An Interview of Melaku Bedada from the Embassy of Ethiopia in D.C. with Tsehaye Debalkew of Selam Radio

Tsehaye Debalikew of Selam Radio Interviewed Minister Counselor Melaku Bedada from the Embassy of Ethiopia in D.C on Feb 20- 2013. Mr. Bedada explains how and where any Ethiopian can buy bond for the Ethiopian Grand Renaissance Dam.

Mr. Badada answers key questions like:
1) Who is qualified to buy the bond?
2) When does the bod mature?
3) What is the interest rate of the bond?
4) How do I buy the bond?
5) How secure is my purchase?
6) Is the bond transferable to others?
7) Can I use the bod as collateral to borrow some money from Ethiopian banks?

And many more questions are answered.

Here is the interview – click to play:

Background of The Ethiopian Grand Renaissance Dam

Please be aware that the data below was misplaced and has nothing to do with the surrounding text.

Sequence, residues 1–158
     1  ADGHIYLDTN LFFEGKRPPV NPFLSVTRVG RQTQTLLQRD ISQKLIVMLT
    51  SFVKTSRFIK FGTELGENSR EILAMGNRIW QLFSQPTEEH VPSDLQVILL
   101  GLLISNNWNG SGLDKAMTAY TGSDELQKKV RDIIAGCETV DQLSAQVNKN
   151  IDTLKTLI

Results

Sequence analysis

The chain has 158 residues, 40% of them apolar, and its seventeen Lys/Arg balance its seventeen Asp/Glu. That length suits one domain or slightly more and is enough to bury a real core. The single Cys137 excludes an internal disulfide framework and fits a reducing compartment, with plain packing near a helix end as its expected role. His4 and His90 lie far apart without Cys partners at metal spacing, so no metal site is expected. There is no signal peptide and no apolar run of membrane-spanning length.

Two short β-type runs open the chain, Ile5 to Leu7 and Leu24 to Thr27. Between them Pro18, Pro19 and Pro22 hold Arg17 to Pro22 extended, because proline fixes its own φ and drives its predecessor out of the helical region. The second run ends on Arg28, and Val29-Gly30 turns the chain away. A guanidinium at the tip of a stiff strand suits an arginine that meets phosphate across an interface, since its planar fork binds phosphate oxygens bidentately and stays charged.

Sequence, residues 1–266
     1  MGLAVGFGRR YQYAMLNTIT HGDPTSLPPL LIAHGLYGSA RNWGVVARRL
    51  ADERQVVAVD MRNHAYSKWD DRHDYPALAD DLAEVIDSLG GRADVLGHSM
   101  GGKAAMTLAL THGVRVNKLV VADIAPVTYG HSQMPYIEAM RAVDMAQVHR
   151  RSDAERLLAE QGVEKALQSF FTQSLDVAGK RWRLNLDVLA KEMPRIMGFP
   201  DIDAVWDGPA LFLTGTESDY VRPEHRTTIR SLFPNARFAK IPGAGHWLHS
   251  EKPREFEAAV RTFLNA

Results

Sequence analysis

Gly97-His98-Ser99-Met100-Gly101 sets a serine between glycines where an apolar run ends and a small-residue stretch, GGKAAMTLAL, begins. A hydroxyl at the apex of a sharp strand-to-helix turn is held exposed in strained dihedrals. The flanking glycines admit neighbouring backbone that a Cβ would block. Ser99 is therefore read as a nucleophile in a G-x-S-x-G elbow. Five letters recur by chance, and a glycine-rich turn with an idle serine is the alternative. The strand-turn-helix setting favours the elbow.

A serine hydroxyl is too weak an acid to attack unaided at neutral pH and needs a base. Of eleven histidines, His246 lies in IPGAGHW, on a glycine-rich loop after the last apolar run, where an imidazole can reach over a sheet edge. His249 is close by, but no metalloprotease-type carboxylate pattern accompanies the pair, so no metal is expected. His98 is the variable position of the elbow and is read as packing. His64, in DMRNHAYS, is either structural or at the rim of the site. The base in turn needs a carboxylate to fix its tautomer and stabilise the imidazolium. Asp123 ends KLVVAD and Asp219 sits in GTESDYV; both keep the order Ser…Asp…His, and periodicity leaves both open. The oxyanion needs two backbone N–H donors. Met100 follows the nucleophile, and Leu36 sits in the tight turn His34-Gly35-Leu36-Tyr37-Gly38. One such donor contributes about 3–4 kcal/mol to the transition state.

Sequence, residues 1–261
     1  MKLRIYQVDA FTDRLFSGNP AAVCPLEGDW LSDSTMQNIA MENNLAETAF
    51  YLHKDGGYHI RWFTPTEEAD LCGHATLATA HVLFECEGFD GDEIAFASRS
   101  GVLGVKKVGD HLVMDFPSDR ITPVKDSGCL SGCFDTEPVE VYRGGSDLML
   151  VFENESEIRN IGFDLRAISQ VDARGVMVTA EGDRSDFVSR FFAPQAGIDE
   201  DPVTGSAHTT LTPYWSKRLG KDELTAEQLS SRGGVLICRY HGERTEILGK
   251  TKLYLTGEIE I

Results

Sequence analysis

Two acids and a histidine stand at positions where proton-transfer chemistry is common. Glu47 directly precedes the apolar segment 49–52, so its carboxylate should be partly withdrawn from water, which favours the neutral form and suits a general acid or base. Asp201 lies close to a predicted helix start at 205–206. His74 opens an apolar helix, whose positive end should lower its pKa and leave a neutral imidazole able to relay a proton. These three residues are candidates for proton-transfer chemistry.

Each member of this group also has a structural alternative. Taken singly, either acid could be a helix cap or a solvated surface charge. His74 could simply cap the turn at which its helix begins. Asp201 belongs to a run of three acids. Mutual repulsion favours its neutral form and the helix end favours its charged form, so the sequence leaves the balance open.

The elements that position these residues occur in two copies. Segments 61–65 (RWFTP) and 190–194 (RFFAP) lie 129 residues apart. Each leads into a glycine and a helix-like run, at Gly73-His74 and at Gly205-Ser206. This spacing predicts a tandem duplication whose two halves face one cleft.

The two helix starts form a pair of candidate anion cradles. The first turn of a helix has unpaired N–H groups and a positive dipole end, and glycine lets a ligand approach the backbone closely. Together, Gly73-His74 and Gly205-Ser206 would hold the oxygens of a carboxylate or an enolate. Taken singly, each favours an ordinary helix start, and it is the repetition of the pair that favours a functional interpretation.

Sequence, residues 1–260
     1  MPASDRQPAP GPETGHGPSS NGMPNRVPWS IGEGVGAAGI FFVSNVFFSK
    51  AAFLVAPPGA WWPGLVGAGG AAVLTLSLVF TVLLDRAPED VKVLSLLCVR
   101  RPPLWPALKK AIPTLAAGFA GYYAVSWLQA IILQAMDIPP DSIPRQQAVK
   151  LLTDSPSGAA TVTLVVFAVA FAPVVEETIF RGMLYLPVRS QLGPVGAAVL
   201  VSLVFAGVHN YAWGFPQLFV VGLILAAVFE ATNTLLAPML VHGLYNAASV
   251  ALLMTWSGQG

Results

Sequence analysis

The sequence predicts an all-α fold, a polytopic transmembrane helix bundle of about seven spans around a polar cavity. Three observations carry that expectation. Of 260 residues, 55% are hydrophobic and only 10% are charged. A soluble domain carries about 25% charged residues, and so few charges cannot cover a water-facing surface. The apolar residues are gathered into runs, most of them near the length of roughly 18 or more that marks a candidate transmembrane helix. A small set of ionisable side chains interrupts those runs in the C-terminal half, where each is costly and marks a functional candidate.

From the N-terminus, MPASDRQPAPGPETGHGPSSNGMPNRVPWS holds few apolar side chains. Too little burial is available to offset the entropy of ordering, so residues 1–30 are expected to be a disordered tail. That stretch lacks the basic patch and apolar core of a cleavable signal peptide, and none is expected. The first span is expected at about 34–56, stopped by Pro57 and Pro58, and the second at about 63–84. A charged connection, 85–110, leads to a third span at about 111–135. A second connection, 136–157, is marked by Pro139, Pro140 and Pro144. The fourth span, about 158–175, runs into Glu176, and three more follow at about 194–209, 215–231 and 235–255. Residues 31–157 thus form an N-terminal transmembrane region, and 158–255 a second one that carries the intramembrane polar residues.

Ethiopian Grand Renaissance Dam is one of the largest dams in the world and the largest in Africa. When it is completed the Ethiopian Grand Renaissance Dam will have the largest man made lake in Ethiopia twice the size of the Lke Tana at the source of the Blue Nile Reiver. The Ethiopian Grand Renaissance dam being constructed in Guba Woreda of Benishangul Gumuz State will have a capacity to generate 6000 MW of electric power.

Andrew Carlson last week wrote for the Orgines
Although late to mega-dam building, Ethiopia is now making up for lost time. One of the tallest dams in the world was completed in 2009 on the Tekeze River in northern Ethiopia. Three major dams on the Omo and Gibe Rivers in southern Ethiopia are either completed or nearly so.

The biggest of Ethiopia’s water projects, the Grand Renaissance Dam, will have a reservoir holding 74 billion cubic meters of water—twice the water held in Lake Tana, Ethiopia’s largest lake—and is expected to generate 6000 megawatts of electricity.

Ethiopians hope these water projects—which extend to 2035 with other Nile tributaries and river systems—will lift their country out of poverty. Similar large dams have produced economic miracles in the United States, Canada, China, Turkey, India, Brazil, and, of course, Egypt.

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